By Peter Friis Østergaard, Senior Specialist, and Jakob Fester, Consultant, Danish Technological Institute
The integration of remotely read district heating meters on an hourly or a daily basis has opened up new possibilities for data-driven optimization of the entire distribution network, from fault detection to heat production. The promise of being able to lower costs based on optimized heat production and fast leak detection has enabled a roll-out of smart meters to all corners of many district heating networks. However, if these meters are only used for annual settlements, an old-fashioned, manually read meter would do almost as good, without the added cost of adding a transmitter and building up a data network. To ensure a fruitful investment, the added value of the online data must be brought into play. At Danish Technological Institute we are actively working towards using the meter data, as well as data from additional sensors, to add value for the district heating supplier and the customer. The first steps focus on customer classification and fast fault detection combined with additional information by low-cost high-frequency pressure and temperature sensors that can easily be installed and moved between strategic locations in the grid. This work is currently conducted through two individual Danish and European projects and a performance contract with the Danish Agency for Institutions and Educational Grants. Expectedly, the tools developed will save a significant amount of manhours spent today on manual data inspection at small and medium-sized district heating companies, as well as leading to savings relating to faster repair and readjustments of incorrect settings of installations. BUILT FOR ACCOUNTING One of the challenges of using smart meters for optimization of district heating is the fact that smart meters are still constructed mainly as a meter intended for settlements of accounts. They are designed to provide readings used for the distribution networks to send bills, not as data loggers suited for acquisition of high-precision data. To exemplify this, the temperature sensors in the meter are all calibrated by the manufacturer, matched with a similar sensor and installed together in one meter. As such, it should be possible to detect the calibrated temperature at the installation, along with uncertainties for the measurement.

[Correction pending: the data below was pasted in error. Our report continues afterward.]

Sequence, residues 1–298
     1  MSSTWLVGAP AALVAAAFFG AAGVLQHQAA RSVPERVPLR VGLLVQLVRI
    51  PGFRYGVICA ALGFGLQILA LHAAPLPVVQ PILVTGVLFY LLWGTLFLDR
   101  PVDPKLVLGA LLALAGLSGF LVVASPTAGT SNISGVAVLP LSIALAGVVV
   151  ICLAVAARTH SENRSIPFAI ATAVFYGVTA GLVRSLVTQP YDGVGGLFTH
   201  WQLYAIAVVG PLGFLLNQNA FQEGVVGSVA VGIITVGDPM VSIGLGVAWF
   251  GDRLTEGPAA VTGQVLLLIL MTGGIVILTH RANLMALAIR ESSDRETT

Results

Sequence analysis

Unfortunately, the calibration of the sensor is most often used only during the production at the factory in order to comply with current documentary standards. As soon as the meter is installed at the consumer, the information from the calibration is disregarded. The consequence is that the accuracy of the direct temperature reading on the meter is strongly compromised. Even if the calibration parameters were available, the data transfer from the meter to the database is often problematic. Transferred data is often rounded off to the nearest integer, and sometimes consists of derived values, meaning that the data resolution can be much lower than what would have been possible.
Finally, data points are often missing which creates challenges when complete data sets are needed for the analysis.
LACK OF CONSENSUS A widespread consensus on data formats, data ownership, transfer protocols, etc. may be lacking for smart meters. Individual manufacturers often promote their own special abilities during tenders, and as a district heating distributor it may be difficult to figure out, what is relevant and what is not. The district heating distributors want value for money, but since it is hard to see where the value might be found, the choice of meter manufacturer is difficult. This situation is not all bad since having multiple manufacturers competing on providing the best product also has the consequence that innovation moves faster, resulting in better solutions in the long run. To assist the small andmedium-sized district heating suppliers in gaining the benefits from the smart meters, without necessarily being locked to a single manufacturer, Danish Technological Institute is developing a tool, which can be used for classifying the customers, making heat load predictions and performing a general check of the district heating network, independent from the manufacturer of the meters.
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